E002 - On Being Competent...and Dangerous
This week on Across the Peak we will dive into what it means to be competent and dangerous.
- Justin's Drink: Grapefruit Sculpin
- Rich's Drink: Black Toad Ale
- We also discuss the origins of IPA. India Pale Ale was extra-hopped because hops has antiseptic properties that helped beer survive the journey from Britain to India.
- Quote of the Day! Beer is not the answer for anything. It's the question. And the answer is ALWAYS yes.
I. Intro the Warrior Ethos...
The word, “ethos” is from the ancient Greeks. For them ethos meant “an accustomed place.” And the first time we find the use of the word ‘ethos’ it applied to animals. As when Homer used the word, he used it to describe the place where the Greek warriors kept their horses after a battle against Trojans. And it was in this ‘ethos,’ this accustomed place, that the horses were at ease.
By the time of Herodotus, the word “ethos” came to mean “that which generates the sense of custom, habit, usage, practice." The idea of ethos continued to evolve into “manners, customs, personal disposition, character,” and then became what we today call “moral character.” Moral character and virtue is critical in the concept of being competently dangerous as we shall see below.
II. Intro Clinical Psychologist Dr. Jordan Peterson...
His first book Maps of Meaning: The Architecture of Belief was published in 1999, a work which examined several academic fields to describe the structure of systems of beliefs and myths, their role in the regulation of emotion, creation of meaning, and motivation for genocide. His second book, 12 Rules for Life: An Antidote to Chaos, was released in January 2018.
III. Stossel interview with Dr. Peterson...
Peterson, “It’s very helpful for people to hear that they should make themselves competent and dangerous and take their proper place in the world.”
“There’s nothing to you otherwise,” Peterson replies. “If you’re not a formidable force, there’s no morality in your self-control. If you’re incapable of violence, not being violent isn’t a virtue. People who teach martial arts know this full well. If you learn martial arts, you learn to be dangerous, but simultaneously you learn to control it … Life is a very difficult process and you’re not prepared for it unless you have the capacity to be dangerous.”
Stossel, “By dangerous that implies I should be ready to threaten someone, to hurt somebody.”
Peterson, “No, you should be capable of it. But that doesn’t mean you should use it."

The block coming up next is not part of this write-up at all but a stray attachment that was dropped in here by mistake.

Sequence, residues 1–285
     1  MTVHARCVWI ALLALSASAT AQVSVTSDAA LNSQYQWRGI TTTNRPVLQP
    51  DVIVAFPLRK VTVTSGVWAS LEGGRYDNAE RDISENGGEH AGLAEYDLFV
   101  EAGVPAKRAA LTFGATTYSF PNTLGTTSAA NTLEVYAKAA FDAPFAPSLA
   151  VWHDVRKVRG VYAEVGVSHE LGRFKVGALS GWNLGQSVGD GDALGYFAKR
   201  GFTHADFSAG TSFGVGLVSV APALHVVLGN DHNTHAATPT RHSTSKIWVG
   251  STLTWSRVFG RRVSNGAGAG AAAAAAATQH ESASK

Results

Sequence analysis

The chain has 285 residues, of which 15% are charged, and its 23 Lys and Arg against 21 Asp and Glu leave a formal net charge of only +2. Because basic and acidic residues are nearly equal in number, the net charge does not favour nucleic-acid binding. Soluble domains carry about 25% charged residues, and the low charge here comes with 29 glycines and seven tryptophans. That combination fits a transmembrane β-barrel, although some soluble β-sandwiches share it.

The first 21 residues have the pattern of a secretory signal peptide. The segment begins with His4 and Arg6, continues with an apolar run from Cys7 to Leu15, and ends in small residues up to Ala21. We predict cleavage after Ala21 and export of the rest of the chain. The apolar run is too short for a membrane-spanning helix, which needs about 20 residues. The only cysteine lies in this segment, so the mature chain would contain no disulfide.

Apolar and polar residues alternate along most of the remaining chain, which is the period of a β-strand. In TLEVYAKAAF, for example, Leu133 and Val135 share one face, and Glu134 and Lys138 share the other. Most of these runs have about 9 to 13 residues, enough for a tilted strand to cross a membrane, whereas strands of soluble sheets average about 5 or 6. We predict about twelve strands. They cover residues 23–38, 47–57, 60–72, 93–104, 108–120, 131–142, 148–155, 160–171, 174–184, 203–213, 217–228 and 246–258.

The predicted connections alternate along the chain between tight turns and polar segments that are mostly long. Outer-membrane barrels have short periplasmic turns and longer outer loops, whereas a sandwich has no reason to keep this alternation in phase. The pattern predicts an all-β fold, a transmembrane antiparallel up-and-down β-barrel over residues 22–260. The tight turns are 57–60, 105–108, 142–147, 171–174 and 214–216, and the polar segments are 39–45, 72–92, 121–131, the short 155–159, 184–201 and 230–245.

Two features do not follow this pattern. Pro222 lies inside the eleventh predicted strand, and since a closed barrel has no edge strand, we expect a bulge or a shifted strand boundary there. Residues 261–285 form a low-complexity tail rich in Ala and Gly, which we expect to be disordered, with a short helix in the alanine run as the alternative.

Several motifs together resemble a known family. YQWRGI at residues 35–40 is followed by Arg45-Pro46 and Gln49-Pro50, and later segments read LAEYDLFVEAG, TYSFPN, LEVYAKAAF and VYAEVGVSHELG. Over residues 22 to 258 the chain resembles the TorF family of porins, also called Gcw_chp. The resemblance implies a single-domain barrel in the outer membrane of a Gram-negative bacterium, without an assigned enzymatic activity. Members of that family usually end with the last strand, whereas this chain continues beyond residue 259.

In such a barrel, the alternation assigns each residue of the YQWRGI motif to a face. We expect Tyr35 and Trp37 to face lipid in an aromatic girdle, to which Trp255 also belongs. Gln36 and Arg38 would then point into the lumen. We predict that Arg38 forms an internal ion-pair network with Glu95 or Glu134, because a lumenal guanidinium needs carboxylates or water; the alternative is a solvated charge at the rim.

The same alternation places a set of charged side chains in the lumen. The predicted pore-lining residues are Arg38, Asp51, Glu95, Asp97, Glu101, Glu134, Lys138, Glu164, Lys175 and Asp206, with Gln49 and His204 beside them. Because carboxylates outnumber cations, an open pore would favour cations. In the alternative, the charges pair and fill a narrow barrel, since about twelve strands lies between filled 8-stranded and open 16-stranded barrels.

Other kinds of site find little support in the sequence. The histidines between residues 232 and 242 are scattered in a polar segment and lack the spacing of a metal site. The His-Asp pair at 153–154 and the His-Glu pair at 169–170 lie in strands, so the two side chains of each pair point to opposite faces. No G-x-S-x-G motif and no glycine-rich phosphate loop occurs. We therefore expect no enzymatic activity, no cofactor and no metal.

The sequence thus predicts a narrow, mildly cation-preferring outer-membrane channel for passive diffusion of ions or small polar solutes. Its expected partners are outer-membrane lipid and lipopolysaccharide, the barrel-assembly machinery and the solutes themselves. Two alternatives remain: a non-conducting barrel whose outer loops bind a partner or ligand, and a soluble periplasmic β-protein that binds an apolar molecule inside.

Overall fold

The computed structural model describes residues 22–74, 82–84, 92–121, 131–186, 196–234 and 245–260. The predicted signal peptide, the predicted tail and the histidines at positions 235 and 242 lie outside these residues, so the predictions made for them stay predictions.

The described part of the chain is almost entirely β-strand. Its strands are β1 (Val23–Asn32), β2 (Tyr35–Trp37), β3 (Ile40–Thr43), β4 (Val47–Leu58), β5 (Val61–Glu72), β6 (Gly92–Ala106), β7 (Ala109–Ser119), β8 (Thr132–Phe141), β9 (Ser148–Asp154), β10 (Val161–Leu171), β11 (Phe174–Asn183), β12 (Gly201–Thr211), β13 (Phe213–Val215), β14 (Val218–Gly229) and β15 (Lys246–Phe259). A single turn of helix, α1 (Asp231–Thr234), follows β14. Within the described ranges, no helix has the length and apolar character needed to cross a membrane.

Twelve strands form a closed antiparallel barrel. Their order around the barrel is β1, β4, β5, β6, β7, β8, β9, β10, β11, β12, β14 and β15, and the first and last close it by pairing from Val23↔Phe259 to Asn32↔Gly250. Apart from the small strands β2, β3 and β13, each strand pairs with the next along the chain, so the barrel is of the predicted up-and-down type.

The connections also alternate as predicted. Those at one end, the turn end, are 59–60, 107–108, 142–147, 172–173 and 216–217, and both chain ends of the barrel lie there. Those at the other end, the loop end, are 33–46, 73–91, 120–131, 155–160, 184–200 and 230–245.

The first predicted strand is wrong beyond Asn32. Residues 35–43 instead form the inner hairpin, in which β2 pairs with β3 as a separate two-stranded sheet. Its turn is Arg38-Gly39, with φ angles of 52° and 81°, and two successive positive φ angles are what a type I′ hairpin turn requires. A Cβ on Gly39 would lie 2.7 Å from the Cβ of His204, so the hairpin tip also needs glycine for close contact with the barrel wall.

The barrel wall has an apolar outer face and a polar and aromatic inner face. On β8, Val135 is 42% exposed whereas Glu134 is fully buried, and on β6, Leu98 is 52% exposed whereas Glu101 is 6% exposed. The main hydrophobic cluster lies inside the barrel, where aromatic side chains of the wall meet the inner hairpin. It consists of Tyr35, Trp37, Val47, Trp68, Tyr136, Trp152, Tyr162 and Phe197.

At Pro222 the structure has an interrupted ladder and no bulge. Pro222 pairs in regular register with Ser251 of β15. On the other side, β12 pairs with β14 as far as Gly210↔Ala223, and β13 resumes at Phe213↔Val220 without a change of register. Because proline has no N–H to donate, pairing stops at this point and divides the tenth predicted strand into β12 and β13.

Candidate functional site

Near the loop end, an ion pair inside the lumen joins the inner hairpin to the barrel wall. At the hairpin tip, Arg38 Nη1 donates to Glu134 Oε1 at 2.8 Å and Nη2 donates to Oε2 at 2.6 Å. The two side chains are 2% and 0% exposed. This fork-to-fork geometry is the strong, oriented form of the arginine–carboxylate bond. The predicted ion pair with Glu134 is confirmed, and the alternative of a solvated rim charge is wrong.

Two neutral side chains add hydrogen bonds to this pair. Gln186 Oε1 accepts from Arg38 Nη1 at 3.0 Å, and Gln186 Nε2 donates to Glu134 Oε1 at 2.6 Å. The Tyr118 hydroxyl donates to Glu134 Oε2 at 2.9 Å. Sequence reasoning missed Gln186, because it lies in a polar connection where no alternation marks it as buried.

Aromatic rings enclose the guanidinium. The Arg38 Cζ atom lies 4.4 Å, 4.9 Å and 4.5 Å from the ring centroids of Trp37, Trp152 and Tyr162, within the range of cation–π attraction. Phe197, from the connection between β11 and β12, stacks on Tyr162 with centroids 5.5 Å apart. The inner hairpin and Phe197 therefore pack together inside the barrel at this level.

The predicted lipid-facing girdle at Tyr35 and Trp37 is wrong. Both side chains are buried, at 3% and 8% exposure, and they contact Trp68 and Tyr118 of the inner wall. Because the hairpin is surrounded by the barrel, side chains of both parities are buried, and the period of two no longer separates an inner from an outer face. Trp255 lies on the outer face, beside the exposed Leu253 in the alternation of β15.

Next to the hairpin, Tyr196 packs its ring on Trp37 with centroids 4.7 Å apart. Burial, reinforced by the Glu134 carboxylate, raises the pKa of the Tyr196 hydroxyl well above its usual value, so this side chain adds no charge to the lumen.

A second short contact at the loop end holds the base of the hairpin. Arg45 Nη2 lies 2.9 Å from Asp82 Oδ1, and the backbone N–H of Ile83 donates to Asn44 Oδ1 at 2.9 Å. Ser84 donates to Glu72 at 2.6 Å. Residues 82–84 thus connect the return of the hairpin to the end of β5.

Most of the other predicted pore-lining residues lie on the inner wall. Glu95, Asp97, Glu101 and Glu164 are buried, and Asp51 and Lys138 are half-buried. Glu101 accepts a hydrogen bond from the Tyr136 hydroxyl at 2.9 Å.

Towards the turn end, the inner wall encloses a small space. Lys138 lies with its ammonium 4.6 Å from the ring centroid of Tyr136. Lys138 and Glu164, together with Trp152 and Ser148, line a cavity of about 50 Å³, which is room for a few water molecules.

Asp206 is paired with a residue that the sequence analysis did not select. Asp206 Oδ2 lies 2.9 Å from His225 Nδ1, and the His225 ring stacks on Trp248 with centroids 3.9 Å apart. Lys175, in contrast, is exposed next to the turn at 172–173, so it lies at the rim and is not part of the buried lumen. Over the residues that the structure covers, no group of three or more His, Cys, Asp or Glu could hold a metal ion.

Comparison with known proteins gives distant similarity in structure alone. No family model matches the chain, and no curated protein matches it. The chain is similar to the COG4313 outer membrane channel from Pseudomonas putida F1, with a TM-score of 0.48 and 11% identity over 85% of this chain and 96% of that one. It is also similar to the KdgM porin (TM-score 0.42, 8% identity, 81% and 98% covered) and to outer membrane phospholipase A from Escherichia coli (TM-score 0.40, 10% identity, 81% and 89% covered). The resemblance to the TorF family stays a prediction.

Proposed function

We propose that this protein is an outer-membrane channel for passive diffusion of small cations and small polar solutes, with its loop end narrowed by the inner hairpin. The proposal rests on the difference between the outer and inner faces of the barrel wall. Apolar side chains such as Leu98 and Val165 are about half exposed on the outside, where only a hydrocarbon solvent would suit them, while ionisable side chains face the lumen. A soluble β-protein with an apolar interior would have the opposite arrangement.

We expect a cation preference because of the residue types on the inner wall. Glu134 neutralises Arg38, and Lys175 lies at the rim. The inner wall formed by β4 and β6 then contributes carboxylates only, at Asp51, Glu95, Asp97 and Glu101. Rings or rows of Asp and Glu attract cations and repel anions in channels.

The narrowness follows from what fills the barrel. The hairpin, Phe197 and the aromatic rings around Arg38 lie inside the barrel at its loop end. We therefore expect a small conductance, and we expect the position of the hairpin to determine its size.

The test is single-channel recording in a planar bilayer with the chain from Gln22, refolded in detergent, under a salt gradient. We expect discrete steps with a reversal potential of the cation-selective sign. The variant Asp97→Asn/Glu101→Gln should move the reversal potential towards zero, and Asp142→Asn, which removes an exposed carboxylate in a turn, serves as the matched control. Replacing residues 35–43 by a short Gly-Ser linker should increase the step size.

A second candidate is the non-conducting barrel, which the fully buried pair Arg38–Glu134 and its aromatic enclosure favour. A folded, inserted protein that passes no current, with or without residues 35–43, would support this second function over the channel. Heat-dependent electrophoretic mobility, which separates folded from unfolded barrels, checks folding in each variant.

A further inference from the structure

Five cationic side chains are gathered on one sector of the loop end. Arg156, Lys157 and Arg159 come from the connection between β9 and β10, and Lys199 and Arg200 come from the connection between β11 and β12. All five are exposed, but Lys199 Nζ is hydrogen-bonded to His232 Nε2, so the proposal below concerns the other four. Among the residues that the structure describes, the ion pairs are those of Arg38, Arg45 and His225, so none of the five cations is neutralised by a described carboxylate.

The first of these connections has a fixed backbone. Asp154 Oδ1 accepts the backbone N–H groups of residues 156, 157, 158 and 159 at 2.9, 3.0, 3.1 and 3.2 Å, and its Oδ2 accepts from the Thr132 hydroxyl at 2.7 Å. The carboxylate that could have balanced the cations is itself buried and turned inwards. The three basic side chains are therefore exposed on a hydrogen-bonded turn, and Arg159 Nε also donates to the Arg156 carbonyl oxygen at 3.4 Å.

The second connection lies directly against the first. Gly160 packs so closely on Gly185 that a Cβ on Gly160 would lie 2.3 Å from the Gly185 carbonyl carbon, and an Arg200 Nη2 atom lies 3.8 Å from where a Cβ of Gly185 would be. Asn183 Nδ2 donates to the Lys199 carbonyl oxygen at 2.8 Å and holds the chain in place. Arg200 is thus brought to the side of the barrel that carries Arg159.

Competent: [kom-pi-tuh nt] having the necessary ability, knowledge, or skill to do something successfully.
Dangerous: [dān-jə-rəs] able or likely to inflict injury or harm.
VI. Virtue and Moral Character...
All people should feel a deep respect for competence because chances are you are already a very competent person. At a minimum you are competent in your job, or else you wouldn't have one. However, not everyone is dangerous, but they should be. For instance, being able and willing to inflict injury or harm on another person may be necessary to escape an assault on your person. It will also make you more physically confident because you realize that if the necessity arises you are capable of being dangerous to those around you.
You can look at it this way, Stephen Hawkins was a brilliant and intellectually competent man. However if he told you he was going to kick your ass, you'd probably giggle. I don't want anyone to giggle if I tell them I am going to kick their ass, and neither do you.
Virtue begets moral character and that requires that we exhibit a quality that is considered morally good or desirable in a person. So, where's the virtue in Stephen Hawkins for not beating the crap out of you - when HE CAN'T. Thus, how can he be virtuous if he is incapable of actually bending others to his will? He can't.
The virtue and moral character stems from the fact that we are competent, even when that competence is the application of controlled violence, for without the ability to inflict harm, no virtue can be achieved in not inflicting it.
Book of the Week
The Way of Men by Jack Donovan. Author Jack Donovan pictured above.
Be Safe. And if you can't be safe, be dangerous.
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